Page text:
The Labour Party has voiced concern about a sharp drop in the numbers of people being barred from working with vulnerable adults in care homes and hospitals.
The party said figures from the Disclosure and Barring Service showed the number of discretionary bans – issued where there has been suspicious conduct but no criminal offence or where an offence did not warrant an automatic ban – have fallen from 2,121 in 2009 to 441 last year.
Shadow home secretary Yvette Cooper said that changes in the vetting regime introduced by the coalition government had created loopholes in the system that were putting vulnerable people at risk.
“These figures are shocking. We now know the terrible trauma caused by abusers like Jimmy Savile being given easy and unrestricted access to settings where he came into regular contact with children and vulnerable adults,” she said.
“Yet these figures show we have not learnt lessons from the past. The barring system is still not keeping safe those it is designed to protect.”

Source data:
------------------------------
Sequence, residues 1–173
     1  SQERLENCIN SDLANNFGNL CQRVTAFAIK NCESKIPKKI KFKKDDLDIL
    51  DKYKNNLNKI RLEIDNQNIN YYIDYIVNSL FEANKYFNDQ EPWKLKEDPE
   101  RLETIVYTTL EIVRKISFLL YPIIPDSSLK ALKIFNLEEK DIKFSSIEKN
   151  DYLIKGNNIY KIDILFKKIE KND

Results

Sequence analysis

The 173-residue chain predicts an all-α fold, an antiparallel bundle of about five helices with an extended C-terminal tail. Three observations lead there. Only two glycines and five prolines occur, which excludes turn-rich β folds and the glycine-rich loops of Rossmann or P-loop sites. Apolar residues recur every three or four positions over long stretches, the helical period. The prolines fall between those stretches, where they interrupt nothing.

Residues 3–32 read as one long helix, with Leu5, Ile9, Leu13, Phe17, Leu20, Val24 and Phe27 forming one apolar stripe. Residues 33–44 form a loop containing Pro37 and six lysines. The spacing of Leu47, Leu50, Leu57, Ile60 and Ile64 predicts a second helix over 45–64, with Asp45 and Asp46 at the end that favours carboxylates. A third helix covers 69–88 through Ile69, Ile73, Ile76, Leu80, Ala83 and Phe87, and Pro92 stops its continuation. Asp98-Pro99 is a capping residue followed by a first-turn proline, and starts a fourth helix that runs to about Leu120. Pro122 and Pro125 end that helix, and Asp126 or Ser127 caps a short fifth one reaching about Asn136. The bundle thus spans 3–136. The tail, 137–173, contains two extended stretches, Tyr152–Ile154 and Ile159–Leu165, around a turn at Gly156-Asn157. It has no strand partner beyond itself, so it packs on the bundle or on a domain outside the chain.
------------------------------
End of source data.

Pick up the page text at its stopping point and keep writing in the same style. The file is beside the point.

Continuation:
A Home Office spokesman said: “We will not compromise when it comes to the safety of children and vulnerable adults. Anyone who commits a serious offence is automatically barred and that will not change.
“We changed the vetting and barring arrangements because the old system was disproportionate and excessive. It was preventing people from volunteering in a range of roles, including authors visiting schools to read to children.
“The current system strikes a better balance, no longer barring people from working due to irrelevant historic offences.”